I have also communicated to Johnson your particular concern over the covert program and your desire to know more detail before the State Department group goes to London. The present covert program is set forth under Tab B m the attached file. You will note that the first emphasis is (properly) on intelligence collection, with covert political action to come later. Part II (if Jagan should turn sour) seems to me pretty feeble, but it is also pretty tentative. Johnson emphasizes that the [less than 1 line of source text not declassified] paper is "only a basis for planning and discussion, as appropriate with the British, and specific action will be subject to the usual Special Group consideration and approval."
I think you need look at only the Rusk memorandum and Tab B.
Arthur Schlesinger, jr.2
2Printed from a copy that bears this typed signature.
(Source: Kennedy Library. National Security Files, Countries Series, British Guiana, Aug. 24-Sept. 6, 1961. Top Secret).
251. Telegram From the Department of State to the Embassy in the United Kingdom
Washington, August 31,1961, 8:01 p m.
1086. Eyes only Ambassador Bruce. Embtel 876.1 FYI. We agree on desirability focusing attention "first team" in Colonial Office on British Guiana. However, we uneasy at postponing talks which would oblige us delay discussion we plan to have with Jagan until after mid-September Also we desire involve Foreign Office and Lord Home personally in problem whose ramifications clearly extend beyond colony of British Guiana and which could have abrasive effects on Anglo- American relations. Lord Home will be away from London latter part week September 11 attending FonMin meeting here. End FYI.
Under circumstances, appears to us best procedure is that suggested by Colonial Office, e.g., that you have preliminary talk with MacLeod week of September 4. We hope you could include Lord Home. You could outline to them general lines of our thinking and seek agreement in principle. More intensive talks could be held early week of September 11. If you consider this approach feasible, we prepared to send on short notice Department officer (Burdett) brief you on our proposed program. ICA [less than 1 line of source text not declassified] reps could arrive subsequently for talks week September 11.
Intelligence estimate referred to is one submitted Embassy despatch 1966.2
1Dated August 29. (Department of State, Central Files, 741D.00/8-2961)
2Dated April 19. (Ibid., 741D.00/4-1961)
(Source: Kennedy Library. National Security Files, Countries Series, British Guiana, Aug. 24-Sept. 6, 1961. Top Secret; Priority. Drafted by Burdett, cleared by Tyler, and approved by U. Alexis Johnson).
252. Telegram From the Department of State to the Embassy in the United Kingdom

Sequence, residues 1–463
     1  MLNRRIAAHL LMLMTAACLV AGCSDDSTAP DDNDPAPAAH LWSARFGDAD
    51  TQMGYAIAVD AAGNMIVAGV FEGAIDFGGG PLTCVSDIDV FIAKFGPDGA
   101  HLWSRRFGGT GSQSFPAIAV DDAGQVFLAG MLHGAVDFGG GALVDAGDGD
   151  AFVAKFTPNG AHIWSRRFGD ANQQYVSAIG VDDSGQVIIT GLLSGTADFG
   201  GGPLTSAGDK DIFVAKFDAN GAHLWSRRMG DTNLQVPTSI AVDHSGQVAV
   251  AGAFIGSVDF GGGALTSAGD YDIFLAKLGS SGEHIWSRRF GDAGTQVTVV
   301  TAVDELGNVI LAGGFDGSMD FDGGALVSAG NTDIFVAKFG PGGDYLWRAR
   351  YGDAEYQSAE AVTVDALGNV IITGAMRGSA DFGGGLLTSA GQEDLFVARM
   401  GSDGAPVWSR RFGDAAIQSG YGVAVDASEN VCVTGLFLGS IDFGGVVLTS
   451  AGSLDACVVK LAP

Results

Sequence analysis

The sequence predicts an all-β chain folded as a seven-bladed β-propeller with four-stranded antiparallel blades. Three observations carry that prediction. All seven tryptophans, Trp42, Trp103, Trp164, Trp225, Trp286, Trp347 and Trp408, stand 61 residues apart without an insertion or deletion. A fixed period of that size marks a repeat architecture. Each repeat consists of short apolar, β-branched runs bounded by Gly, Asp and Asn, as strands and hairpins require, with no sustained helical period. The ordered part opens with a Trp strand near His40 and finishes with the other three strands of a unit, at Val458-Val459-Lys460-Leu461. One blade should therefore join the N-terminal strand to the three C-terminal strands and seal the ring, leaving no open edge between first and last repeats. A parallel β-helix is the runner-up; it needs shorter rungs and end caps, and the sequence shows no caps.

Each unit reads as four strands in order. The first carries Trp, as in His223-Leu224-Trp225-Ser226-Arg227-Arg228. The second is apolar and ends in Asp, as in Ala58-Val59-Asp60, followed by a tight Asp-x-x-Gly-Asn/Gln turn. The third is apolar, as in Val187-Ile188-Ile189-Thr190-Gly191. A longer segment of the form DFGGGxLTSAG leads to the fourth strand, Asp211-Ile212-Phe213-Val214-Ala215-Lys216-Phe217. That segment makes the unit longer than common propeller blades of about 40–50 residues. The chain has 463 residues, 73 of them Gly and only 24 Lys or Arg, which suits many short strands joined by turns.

Washington, September 2, 1961, 2:28 p.m.
1147. Eyes only Ambassador Bruce. Embtel 947.1Following message from Lord Home to Secretary received Sept 1:
Thank you for your message of August 26 about British Guiana. We welcome your suggestion that we should have talks in London to define the courses of action best suited to support our policy, which I hope will be your policy also, of persuading the new British Guiana Government that the West is still its best friend. We, too, are impressed by the desirability of starting promptly whatever programme emerges and would like to make an early start with the talks. I am afraid that the first date on which we on our side could assemble the right team would be September 11. Our difficulty here would not preclude a preliminary talk between David Bruce, Iain MacLeod and Hugh Fraser if that would help I would be ready to come in later if need be. We will put this to David Bruce at once and hold ourselves in readiness.
I would just like to say that my colleagues and I will enter these talks with the firm conviction that the emphasis must be in the political and economic spheres if we are to expect rewarding dividends."
We do not plan to reply and will leave arrangements for discussions to you.
We will provide guidance for your meeting with MacLeod Sept 6. Advise when you wish Washington group to arrive.
1Dated September 1. (Department of State, Central Files, 741D.00/9-261)
(Source: Kennedy Library. National Security Files, Countries Series, British Guiana, Aug. 24-Sept. 6, 1961. Top Secret; Verbatim Text. Drafted by Burdett, cleared by Cutler (S), and approved by U. Alexis Johnson).
253. Telegram From the Department of State to the Embassy in the United Kingdom
Washington, September 4, 1961, 3:51 p.m.
1165. Eyes only Ambassador Bruce. Following letter from Secretary contains instructions for talks with UK on British Guiana:
We have now completed a review of our policy towards British Guiana, and the enclosed action program, in its general outline, has been approved by the President. Specific steps under the program, of course, are subject to subsequent decisions.
As the first move in executing the program, I am asking you to undertake with the British Government the discussions mentioned in my letter of August 26 to Lord Home. I realize the delicate relationships involved but hope that you will find a way to bring Lord Home and the Foreign Office into these talks. As you know, we believe the ramifications of this problem extend far beyond British Guiana as a colony.
You will see from the program that we are prepared to accept as a working premise the British thesis that we should try to 'educate' Cheddi Jagan. We have carefully studied the various reports of Communist connections on the part of Jagan and his People's Progressive Party and are fully aware of the pitfalls of proceeding along this path. However, it is our judgment that an across-the board effort to 'salvage' Jagan is worth attempting. A factor in our conclusion is the unattractiveness of the available alternatives.